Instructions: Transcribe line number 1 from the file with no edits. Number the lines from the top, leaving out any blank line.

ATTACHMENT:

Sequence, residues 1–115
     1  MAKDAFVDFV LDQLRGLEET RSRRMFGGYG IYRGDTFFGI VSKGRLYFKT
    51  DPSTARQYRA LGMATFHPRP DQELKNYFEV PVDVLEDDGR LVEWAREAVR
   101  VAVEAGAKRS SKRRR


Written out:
Sequence, residues 1–115